Dave Hyde: We’re at the epicenter of March Madness with Miami, Florida Atlantic wins

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While the rest of the sports world celebrated Fairleigh Dickinson — learning it’s in New Jersey, wondering why it’s named that, hearing it just pulled off the largest upset in NCAA Tournament history — there was an added layer of giddiness among a certain segment of fans in Boca Raton.

Florida Atlantic University can see a path to the Sweet 16 now.


Its dream season can keep on dreaming.

Shocks are part of the suspension of any NCAA Tournament but look what’s playing out before South Florida on Sunday: The University of Miami faces Indiana in Albany, N.Y for the chance to make its second consecutive Sweet 16; and Florida Atlantic plays the Fairleigh Dickinson for the right to be Cinderella this particular March.


Throw in 33-0 Nova Southeastern University being ranked No. 1 and advancing to the Division II’s Elite Eight next week and there’s a rare thing happening in our sports market. It’s so rare no one’s even noticed it.

We’re the capital of college basketball this season.

This might come as a surprise to a sports market that defines March Madness as the fantasy signings of the Miami Dolphins. But it’s not too late to jump on the bandwagon. It’s encouraged, even. Any bandwagon.

“We want to put Florida Atlantic on the national stage,” FAU coach Dusty May said last week.

His Owls team did that in beating Memphis, 66-65, on Nicholas Boyd’s little floater in the lane with 2.5 seconds. On one level, ninth-seeded FAU’s win was a mild upset. Memphis was the higher eighth seed. Memphis is coached by former NBA star Penny Hardaway. Memphis has a couple players who could make it on the bench of the NBA.

Fairleigh Dickinson’s win against Purdue was on another level entirely. It’s the second No. 16 seed to beat a No. 1 seed. It was a 23.5-point underdog, making it the largest tournament upset since 1985. It also has the smallest team in the tournament and went up against Purdue’s Big Ten lineup. It had lost 15 games this season.

“We had to be unique,” coach Tobin Anderson said.

So it’s FAU vs. FDU, small school vs. small school, ninth seed vs. a 16th seed, a program that had never won an NCAA Tournament game before Friday against a program that had never won an NCAA Tournament game before Friday.


There may be a better statement for how the NCAA Tournament is the most democratic of all our playoffs. But try to find one thought all the years. This matchup says anyone can win. Its winner means one season goes where no one imagined.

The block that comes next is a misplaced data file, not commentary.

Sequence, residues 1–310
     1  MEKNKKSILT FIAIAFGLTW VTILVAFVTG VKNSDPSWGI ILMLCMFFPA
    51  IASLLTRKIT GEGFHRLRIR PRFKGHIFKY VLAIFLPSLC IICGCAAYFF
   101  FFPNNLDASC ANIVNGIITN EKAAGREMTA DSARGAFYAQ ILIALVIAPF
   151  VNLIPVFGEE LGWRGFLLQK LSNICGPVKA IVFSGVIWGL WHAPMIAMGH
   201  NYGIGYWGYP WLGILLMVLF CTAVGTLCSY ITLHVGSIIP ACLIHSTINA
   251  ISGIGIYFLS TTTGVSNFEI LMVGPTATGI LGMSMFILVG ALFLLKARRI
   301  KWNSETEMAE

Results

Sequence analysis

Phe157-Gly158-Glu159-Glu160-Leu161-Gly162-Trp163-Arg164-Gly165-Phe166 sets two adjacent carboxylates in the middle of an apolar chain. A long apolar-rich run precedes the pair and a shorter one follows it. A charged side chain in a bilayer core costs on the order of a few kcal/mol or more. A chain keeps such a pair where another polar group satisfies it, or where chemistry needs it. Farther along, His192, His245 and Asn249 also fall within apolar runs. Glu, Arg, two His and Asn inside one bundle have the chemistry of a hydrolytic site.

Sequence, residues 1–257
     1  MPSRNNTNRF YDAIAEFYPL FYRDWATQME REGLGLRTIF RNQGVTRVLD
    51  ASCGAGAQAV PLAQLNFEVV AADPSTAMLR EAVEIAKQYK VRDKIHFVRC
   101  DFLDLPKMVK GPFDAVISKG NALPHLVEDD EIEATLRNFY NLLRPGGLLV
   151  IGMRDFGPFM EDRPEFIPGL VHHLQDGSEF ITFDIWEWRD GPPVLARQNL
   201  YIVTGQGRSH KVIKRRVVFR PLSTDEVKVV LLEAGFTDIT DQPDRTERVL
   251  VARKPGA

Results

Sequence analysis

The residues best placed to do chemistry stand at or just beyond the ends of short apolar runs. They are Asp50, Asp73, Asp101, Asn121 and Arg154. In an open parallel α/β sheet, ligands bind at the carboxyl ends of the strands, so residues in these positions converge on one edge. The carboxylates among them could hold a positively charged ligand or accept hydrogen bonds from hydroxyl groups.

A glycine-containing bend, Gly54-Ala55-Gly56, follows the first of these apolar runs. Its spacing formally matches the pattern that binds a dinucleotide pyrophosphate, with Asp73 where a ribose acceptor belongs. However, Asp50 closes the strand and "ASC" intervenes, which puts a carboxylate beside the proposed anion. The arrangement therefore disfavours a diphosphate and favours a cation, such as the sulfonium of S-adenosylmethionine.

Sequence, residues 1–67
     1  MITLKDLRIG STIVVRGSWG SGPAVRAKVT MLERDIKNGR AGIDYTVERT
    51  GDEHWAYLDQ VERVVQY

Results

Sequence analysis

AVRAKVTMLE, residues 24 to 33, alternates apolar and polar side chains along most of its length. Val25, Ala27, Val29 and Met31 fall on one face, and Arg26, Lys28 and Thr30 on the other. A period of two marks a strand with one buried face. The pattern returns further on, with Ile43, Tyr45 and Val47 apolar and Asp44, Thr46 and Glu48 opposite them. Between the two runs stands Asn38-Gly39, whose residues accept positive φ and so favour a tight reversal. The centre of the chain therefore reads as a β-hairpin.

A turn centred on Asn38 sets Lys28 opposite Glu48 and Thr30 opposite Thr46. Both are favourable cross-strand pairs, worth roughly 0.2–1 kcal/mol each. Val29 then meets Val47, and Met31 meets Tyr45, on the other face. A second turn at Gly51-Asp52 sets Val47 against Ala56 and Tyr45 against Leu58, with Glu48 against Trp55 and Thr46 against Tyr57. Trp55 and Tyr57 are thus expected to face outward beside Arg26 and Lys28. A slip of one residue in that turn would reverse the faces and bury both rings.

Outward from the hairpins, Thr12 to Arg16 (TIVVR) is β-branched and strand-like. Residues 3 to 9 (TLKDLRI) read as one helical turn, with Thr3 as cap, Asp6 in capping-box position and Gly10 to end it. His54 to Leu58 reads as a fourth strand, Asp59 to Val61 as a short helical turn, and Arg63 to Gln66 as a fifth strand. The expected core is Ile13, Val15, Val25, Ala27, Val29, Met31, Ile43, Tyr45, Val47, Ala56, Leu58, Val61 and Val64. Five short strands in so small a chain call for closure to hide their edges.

Florida Atlantic finds itself in an unexpected position for this game, too. It’s the favorite, the name team, the small-school program that would have the basketball world behind it against top seed Purdue but now watches everyone shift to Fairleigh Dickinson, a school named for its benefactor.

Not that FAU cares with the Sweet 16 shimmering before it. Nor does Miami care that it took down another Cinderella story in Drake on Friday by outscoring it 16-1 at the end. The Hurricanes kept their composure when trailing by eight points with five minutes left. Coach Jim Larrañaga then put on a full-court press that led to back-to-back Drake turnovers to change the game.

This is what you expect from Miami this year. Indiana is the kind of opponent you expect to meet on the way to the Sweet 16, too. Miami won the ACC regular season and went to the final eight in this tournament last year, so it’s past the point of needing an introduction.

It just needs a win Sunday.

FAU needs an introduction and a win.


South Florida isn’t Indiana, the heart of basketball. But look what happened around these two teams this season. Miami sold out its arena with students starting a, “Category 5″ hurricane theme. FAU sold out its final seven home games. Those represent the seven largest home crowds in school history.

Now look what these two programs are doing. Something fun is happening here. The hope is it keeps happening Sunday.

Dave Hyde

Dave Hyde

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